The Light Factory's current exhibit, "Connected There but Not Always Here," is zooming out from all of those Facebook pictures we "like."
While social media often purports an unending stream of lively, crowded activities, the photos hung in The Light Factory contradict this account with depictions of the person behind the post. These scenes betray the cyber myths, showing a much lonelier reality.
Dina Litovsky's series, "Untag this photo," shows clumps of people hovering around a smartphone or camera, enjoying their cyber lives instead of the ongoing party. Posing for pictures takes the place of company, and those without devices sit alone.
Nate Larson and Marni Shindelman have taken to cyber stalking in the name of art. In their series, "Geolocation," the two have photographed the location from which a tweet was sent; the photos are accompanied by the tweet that summoned the artists. To capture these images, Larson and Shindelman watched their twitter feed for interesting posts and traveled to the locations listed by the tweeter's GPS tracker. The lack of people in any of their photos accentuates a sense of desolation.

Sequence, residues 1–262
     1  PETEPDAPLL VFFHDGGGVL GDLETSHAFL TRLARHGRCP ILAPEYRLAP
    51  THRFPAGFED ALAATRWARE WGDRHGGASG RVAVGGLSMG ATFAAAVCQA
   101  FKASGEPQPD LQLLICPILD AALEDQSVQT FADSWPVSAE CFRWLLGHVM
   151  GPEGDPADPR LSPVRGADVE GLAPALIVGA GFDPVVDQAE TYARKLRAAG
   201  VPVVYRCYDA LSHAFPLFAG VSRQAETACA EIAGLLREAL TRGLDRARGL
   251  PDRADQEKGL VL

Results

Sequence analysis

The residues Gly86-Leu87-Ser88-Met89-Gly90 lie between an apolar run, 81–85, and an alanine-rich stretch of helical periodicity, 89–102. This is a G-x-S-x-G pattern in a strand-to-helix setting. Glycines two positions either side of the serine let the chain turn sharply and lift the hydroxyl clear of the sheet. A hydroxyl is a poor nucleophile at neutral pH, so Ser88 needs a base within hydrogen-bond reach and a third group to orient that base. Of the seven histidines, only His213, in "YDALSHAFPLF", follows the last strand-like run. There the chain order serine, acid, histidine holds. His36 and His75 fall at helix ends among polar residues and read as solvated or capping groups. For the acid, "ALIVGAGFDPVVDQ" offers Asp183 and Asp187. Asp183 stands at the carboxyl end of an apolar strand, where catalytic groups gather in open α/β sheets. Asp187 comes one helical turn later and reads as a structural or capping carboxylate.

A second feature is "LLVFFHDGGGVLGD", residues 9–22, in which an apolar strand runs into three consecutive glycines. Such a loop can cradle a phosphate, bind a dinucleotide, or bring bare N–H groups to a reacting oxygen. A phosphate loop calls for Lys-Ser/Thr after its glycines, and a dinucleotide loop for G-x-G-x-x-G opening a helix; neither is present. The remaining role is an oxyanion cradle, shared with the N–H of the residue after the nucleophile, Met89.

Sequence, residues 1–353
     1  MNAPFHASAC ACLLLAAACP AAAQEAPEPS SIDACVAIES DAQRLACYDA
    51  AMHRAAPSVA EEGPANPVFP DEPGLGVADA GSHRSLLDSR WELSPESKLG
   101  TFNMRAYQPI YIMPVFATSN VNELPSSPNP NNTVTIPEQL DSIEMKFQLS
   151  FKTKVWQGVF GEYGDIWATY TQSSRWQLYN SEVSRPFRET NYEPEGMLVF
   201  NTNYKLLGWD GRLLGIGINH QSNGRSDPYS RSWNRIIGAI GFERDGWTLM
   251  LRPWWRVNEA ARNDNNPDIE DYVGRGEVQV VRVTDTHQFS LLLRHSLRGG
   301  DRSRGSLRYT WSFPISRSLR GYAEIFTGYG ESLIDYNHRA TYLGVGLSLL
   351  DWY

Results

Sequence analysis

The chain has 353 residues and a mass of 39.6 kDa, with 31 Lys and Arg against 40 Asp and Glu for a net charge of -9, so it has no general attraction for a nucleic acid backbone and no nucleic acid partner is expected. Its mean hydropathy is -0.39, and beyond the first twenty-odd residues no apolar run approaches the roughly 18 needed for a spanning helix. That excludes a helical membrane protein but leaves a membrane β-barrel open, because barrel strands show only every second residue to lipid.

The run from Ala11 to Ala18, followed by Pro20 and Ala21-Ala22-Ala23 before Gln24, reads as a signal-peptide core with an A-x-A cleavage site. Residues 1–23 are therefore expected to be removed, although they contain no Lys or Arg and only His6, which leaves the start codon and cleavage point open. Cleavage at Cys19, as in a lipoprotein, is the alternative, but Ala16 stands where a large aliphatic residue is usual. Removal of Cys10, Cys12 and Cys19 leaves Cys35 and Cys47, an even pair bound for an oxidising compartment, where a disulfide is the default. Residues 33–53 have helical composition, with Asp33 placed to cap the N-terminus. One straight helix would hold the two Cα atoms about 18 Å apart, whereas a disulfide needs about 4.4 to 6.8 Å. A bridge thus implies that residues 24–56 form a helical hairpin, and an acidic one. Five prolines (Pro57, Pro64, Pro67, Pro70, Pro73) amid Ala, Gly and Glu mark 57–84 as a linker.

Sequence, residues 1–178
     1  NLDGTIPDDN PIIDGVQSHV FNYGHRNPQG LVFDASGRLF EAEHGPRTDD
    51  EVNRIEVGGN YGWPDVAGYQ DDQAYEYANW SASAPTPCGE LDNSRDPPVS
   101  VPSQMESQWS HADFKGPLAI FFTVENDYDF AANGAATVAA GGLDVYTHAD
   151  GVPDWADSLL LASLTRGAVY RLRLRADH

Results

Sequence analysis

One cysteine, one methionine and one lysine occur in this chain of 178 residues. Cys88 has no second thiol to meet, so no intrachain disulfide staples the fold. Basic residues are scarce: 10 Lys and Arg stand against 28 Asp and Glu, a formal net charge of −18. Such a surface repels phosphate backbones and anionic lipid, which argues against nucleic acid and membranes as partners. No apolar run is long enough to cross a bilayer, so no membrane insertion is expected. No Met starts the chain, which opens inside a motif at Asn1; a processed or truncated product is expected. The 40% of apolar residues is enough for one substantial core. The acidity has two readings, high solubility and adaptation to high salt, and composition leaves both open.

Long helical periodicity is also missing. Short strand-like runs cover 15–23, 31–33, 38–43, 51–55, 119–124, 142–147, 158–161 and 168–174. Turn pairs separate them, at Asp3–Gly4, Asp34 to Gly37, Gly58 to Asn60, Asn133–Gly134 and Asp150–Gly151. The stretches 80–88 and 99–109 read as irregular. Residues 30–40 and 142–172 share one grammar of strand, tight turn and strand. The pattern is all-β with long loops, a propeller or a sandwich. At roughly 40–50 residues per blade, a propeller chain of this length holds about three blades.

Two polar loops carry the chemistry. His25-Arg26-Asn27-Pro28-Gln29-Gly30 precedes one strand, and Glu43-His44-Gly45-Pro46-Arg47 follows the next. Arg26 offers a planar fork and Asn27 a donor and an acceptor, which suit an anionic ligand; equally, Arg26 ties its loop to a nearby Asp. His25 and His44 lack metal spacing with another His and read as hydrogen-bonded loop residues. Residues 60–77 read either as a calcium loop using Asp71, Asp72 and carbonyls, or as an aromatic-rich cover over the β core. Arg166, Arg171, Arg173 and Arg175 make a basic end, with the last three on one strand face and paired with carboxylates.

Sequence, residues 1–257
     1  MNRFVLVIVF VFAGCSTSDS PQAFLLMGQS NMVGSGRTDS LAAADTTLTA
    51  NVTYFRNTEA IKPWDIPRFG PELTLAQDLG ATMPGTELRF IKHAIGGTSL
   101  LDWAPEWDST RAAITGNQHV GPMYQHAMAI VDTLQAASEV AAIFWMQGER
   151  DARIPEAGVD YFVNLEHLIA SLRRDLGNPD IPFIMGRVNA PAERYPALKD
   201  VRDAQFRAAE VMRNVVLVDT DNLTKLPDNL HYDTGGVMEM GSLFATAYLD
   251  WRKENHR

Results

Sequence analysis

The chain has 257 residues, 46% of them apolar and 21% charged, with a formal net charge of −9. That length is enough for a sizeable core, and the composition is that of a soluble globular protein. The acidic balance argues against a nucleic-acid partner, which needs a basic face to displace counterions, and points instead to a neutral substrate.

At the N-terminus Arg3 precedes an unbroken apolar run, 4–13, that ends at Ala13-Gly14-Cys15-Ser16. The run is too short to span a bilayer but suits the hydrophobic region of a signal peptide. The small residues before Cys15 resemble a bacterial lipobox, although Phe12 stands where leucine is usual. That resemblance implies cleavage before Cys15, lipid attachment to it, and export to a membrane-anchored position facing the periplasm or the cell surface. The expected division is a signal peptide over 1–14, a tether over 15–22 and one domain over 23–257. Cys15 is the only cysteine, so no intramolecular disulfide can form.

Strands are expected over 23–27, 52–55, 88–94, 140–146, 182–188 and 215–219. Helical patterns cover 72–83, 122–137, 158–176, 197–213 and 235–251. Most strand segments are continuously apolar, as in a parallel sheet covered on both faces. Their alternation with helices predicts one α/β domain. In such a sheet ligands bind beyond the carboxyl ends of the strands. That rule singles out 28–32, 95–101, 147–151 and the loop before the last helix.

|Two photos from Larson and Shindelman's "Geolocation," in The Light Factory through May 19. Courtesy of The Light Factory. Click on the photos to enlarge.|
|From Gabriela Herman's "Bloggers," in the Light Factory through May 19. Courtesy of The Light Factory.|
This exhibit allows an opportunity to record your reactions. Visitors can sit at a computer in the gallery and respond to prompts about each artists' work as a webcam films them. The responses are then fed to a video loop projected on the wall. Celine Latulipe, Berto Gonzalez and Annabel Manning created the concept and technology for this interactive addition.